Steve Ealick's Research Group


Ralstonia metallidurans 3-Hydroxyanthranilate-3,4-dioxygenase


PDB files:

1YFU unliganded HAD

1YFW HAD complexed with 4-chloro-3-hydroxyanthranilic acid and O2

1YFX HAD complexed with 4-chloro-3-hydroxyanthranilic acid and NO

1YFY HAD complexed with 3-hydroxyanthranilic acid

Description:

3-Hydroxyanthranilate-3,4-dioxygenase (HAD) catalyzes the oxidative ring opening of 3-hydroxyanthranilate (HAA) to yield 2-amino-3-carboxymuconic semialdehyde. The reaction is the final enzymatic step in the tryptophan to quinolinate biosynthetic pathway, which is of substantial interest because quinolinate is the precursor to the pyridine ring of the nicotinamide cofactors. It had been thought that the biosynthesis of quinolinate from tryptophan was unique to eukaryotes, while in prokaryotes quinolinate is usually derived from aspartate and dihydroxyacetone phosphate. The identification and overexpression of a bacterial HAD from R. metallidurans greatly facilitated our structural and mechanistic studies.

The core motif of the monomer structure is a jellyroll β-barrel formed by two anti-parallel β-sheets with a topology that is characteristic of a cupin barrel fold. Each monomer contains two iron binding sites. The catalytic iron is buried deep inside the β-barrel The other iron site forms an FeS4 center close to the solvent surface in which the sulfur atoms are provided by cysteine residues. The two iron sites are separated by about 24 Å.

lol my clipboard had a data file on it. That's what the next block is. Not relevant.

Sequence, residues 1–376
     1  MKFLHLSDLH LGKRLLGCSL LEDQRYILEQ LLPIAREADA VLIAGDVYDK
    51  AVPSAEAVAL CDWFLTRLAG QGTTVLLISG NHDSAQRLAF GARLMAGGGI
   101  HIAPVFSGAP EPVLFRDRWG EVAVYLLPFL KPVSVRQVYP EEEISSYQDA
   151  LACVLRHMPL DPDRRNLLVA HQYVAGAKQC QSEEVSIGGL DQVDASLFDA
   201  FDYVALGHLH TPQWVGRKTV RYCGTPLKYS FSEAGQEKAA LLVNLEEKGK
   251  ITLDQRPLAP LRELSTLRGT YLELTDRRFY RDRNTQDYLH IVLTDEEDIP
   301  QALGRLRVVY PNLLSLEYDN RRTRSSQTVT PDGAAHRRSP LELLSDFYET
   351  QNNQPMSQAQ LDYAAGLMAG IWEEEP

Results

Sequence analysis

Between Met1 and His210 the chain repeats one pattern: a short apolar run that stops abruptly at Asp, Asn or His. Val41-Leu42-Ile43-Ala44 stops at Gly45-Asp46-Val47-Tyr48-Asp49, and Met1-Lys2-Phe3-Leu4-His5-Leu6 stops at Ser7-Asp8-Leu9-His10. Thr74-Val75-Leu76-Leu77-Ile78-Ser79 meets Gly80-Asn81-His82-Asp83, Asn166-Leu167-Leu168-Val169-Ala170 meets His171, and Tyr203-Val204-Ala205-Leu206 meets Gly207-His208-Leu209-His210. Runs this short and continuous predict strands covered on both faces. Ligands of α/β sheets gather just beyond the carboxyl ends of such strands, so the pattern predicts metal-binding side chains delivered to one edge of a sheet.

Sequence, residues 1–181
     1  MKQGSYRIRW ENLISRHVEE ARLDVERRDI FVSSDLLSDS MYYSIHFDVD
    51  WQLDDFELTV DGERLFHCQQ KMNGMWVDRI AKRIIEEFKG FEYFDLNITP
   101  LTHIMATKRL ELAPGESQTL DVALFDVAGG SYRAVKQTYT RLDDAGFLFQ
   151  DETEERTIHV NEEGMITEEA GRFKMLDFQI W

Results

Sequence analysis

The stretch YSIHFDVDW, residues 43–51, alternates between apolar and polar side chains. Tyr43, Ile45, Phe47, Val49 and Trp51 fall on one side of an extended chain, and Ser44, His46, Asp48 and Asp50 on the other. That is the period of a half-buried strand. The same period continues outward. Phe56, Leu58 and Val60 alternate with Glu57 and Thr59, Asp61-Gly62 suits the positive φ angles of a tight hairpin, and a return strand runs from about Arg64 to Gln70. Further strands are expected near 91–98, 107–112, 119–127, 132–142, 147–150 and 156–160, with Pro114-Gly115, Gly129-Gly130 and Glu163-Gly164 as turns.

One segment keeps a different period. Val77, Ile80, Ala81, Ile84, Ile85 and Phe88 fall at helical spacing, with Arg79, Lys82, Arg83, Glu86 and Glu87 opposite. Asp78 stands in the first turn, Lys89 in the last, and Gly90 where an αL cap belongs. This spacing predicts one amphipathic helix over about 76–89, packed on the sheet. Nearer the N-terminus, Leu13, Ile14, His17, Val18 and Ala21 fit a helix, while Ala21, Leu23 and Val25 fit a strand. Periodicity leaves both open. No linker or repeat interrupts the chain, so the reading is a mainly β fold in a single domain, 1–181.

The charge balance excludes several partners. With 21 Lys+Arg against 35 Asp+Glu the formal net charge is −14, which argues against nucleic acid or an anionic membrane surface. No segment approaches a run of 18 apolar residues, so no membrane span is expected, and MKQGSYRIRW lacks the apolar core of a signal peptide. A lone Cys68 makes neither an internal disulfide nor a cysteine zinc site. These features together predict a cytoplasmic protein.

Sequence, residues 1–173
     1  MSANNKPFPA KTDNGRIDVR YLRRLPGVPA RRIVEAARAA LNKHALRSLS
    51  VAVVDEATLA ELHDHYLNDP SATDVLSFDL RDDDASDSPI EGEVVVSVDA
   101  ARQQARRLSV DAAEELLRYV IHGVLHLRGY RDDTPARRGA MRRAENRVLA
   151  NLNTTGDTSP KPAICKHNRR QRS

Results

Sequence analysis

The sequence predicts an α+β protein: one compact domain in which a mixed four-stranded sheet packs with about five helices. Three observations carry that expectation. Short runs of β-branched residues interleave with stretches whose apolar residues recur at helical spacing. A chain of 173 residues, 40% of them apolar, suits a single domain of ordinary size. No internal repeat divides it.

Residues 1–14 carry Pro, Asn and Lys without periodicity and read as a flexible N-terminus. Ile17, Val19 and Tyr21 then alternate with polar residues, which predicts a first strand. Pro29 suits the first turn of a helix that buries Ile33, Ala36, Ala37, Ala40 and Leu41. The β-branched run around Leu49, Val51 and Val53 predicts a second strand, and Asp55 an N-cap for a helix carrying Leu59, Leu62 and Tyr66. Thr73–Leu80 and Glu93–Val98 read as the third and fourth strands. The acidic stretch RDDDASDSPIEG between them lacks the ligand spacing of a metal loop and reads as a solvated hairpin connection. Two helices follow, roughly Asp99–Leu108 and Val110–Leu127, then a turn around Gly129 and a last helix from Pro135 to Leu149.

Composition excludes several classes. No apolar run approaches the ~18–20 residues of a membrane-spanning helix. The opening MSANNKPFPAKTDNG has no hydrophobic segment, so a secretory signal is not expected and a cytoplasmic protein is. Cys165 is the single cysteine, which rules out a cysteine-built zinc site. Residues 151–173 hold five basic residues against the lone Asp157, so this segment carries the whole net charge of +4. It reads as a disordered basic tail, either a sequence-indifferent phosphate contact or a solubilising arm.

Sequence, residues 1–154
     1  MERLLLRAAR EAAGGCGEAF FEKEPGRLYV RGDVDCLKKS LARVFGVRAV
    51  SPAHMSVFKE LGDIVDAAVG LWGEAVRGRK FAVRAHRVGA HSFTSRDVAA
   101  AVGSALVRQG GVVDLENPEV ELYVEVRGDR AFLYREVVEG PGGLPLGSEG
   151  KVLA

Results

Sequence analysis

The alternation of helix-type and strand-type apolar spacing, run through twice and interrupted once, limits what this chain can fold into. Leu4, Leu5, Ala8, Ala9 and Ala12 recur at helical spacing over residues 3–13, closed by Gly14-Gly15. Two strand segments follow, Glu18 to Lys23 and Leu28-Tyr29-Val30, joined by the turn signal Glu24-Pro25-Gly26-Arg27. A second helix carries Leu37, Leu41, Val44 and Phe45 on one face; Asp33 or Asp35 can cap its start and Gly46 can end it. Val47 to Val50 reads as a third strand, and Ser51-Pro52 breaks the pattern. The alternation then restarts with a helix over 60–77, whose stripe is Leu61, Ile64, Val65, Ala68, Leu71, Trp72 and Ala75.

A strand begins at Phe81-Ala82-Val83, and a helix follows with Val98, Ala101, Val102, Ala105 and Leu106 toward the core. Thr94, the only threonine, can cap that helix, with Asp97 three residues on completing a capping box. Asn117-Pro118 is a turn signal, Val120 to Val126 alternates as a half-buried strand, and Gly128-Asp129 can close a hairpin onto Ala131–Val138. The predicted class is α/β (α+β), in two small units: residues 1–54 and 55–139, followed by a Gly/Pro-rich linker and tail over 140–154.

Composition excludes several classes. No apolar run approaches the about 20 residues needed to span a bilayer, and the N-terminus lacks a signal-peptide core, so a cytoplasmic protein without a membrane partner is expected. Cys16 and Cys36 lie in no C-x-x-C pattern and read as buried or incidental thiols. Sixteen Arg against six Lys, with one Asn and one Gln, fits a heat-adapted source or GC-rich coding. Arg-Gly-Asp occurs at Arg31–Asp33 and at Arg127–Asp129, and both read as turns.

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The overall structure of HAD is a homodimer with with a subunit topology that is characteristic of the cupin barrel fold. The approximate dimensions are 80 Å x 40 Å x30 Å and the two monomers are related by a crystallographic twofold axis. The arrangement of the two cupin barrels in a dimer resembles bicupin structures in which each monomer has two cupin domains, such as the bicupin monomer unit in oxalate decarboxylase.

 

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A complete active site, which contains an Fe(III) ion, is found in each HAD monomer and is buried deeply inside the cupin barrel. This figure shows 4-chloro-3-hydroxyanthranilic acid bound to the catalytic iron at the active site.

 

Click the image to enlarge.

 

References:

Zhang Y, Colabroy KL, Begley TP, and Ealick SE. Structural studies on 3-hydroxyanthranilate-3,4-dioxygenase: the catalytic mechanism of a complex oxidation involved in NAD biosynthesis. Biochemistry 44:7632-7643 (2005).

Colabroy KL, Zhai H, Li T, Ying Ge1, Zhang Y, Liu A, Ealick SE, McLafferty FW and Begley TP, The mechanism of inactivation of 3-hydroxyanthranilate-3,4-dioxygenase by 4-chloro-3-hydroxyanthranilate. Biochemistry 44:7623-7631 (2005).

 



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